Each of the three presences relies on the other two to effectively improve engagement and motivation in an online course. Social presence is critical to community building to connect students and engage them in learning. It has been reported to reduce feelings of isolation, improve retention rates, improve academic performance, and increase self-efficacy (Collins et al., 2019; Lederman, 2020). Social presence is much more than showing up for class. It shows students each community member is a real person behind the computer screen who is willing to be there connecting, participating, learning, and contributing.

Recognizing the importance of social presence and learning community in online courses grounded in the community of inquiry framework, we tried a new way to help participants get to know each other to increase human connection in an online course. The new way of sharing visual metaphors is simple, fun, and engaging, rich in information and easily connecting all participants to build learning community through which learners can use throughout the course. A scan of data throughout courses in the past three years showed eight categories of information participants shared to make human connections and build learning community in the online course. Course evaluation data has showed overwhelmingly positive learning experience from learners in this online course. 

Level of Participation

Participants will get a chance to view the learning activities and see examples of learners’ postings under each of eight categories. They can watch a live demonstration of the digital tool used for the interactive activities. There will be also time for questions and discussion between the presenter and the audience as well as among the participants.  

Session goals
This interactive session will show how the activities are created to make human connection and build learning community in the course. After the session, participants will be able to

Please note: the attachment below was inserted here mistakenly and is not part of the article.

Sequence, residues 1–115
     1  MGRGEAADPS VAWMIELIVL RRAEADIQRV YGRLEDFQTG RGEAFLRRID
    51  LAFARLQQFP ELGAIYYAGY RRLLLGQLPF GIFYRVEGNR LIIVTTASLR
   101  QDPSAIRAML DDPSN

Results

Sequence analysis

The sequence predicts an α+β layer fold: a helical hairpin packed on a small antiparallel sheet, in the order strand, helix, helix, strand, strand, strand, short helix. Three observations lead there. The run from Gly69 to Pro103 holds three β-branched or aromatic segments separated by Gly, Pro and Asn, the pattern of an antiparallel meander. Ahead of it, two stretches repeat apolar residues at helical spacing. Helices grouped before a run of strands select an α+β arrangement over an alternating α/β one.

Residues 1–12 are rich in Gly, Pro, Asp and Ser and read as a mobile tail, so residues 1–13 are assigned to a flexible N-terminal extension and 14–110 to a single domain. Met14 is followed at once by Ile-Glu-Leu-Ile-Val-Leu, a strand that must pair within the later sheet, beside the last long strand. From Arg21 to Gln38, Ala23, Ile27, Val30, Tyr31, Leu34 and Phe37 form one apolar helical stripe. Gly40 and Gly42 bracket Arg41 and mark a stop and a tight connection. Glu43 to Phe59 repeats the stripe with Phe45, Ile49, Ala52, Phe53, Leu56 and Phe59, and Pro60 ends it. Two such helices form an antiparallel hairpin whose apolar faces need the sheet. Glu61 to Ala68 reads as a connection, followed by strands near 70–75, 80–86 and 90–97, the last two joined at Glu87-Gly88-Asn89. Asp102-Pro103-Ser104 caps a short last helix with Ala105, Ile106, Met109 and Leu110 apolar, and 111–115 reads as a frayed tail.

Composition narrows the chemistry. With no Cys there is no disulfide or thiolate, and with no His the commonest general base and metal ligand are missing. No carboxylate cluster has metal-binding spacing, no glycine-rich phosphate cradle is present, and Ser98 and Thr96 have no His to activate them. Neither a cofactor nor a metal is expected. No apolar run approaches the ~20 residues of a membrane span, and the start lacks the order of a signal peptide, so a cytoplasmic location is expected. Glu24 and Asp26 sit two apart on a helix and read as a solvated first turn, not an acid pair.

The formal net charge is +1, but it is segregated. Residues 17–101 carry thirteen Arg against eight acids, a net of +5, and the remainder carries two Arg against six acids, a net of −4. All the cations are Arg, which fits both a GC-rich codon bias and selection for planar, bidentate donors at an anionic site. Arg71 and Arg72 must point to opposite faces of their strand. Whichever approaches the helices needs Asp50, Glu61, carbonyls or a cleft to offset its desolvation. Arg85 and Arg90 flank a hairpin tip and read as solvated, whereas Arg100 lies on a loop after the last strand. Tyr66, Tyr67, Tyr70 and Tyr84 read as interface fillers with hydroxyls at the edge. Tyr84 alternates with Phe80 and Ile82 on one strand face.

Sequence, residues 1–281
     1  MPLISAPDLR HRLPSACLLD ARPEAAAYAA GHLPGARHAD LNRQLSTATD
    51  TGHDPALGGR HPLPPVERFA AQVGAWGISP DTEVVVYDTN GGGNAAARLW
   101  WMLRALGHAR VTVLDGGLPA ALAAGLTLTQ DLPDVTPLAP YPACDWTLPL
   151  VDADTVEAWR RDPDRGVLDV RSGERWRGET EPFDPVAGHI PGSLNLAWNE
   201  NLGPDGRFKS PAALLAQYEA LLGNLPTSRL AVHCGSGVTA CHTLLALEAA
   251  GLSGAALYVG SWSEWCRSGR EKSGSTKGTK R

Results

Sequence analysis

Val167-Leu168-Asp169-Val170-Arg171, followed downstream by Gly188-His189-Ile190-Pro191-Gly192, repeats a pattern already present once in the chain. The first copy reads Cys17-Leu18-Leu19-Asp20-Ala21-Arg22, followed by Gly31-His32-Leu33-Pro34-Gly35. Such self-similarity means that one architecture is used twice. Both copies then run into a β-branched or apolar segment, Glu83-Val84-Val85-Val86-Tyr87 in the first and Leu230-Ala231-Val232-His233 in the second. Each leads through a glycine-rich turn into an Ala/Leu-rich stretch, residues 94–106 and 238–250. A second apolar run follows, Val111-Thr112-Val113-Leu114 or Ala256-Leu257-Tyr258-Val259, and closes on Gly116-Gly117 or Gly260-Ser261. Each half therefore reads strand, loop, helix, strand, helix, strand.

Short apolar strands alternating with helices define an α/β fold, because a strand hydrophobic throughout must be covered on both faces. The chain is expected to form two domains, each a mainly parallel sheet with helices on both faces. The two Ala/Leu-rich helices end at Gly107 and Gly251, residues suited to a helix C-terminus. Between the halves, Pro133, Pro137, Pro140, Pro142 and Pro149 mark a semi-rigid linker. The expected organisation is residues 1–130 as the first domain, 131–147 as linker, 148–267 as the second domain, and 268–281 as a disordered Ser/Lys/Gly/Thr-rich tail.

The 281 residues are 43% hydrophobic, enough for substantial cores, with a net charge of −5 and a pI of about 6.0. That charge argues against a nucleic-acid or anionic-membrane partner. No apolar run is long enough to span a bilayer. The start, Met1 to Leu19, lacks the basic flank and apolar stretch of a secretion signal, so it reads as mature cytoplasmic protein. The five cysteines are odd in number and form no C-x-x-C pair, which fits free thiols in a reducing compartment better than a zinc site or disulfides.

• explain importance of learning community in online courses grounded in the community of inquiry framework
  • adopt a new way to connect students and build learning community in online courses
  • take away a useful online resource to apply in their own online courses to build social presence and learning community.  


Castañeda, L., & Selwyn, N. (2018). More than tools? Making sense of the ongoing digitizations of higher education. International Journal of Educational Technology in Higher Education, 15(1), 22. 

Castellanos-Reyes, D. (2020). 20 years of the community of inquiry framework. TechTrends, 64(4), 557-560. 

Collins, K., Groff, S., Mathena, C., & Kupczynski, L. (2019). Asynchronous video and the development of instructor social presence and student engagement. Turkish Online Journal of Distance Education, 20(1), 53-70. Distance Education Enrollment Report.

Garrison, D. R., & Akyol, Z. (2013). The community of inquiry theoretical framework. In M. G.
Moore (Ed.), Handbook of distance education (3rd ed.) (pp. 104–119). Routledge.

Garrison, D. R., Anderson, T., & Archer, W. (2010). The first decade of the community of inquiry framework: A retrospective. The Internet and Higher Education, 13(1), 5–9. 

Kilgour, P., Reynaud, D., Northcote, M., McLoughlin, C., & Gosselin, K. (2019). Threshold concepts about online pedagogy for novice online teachers in higher education. Higher Education Research and Development, 38(7), 1417-1431.

Lederman, D. (2020). The shift to remote learning: The human element. Inside Higher Education.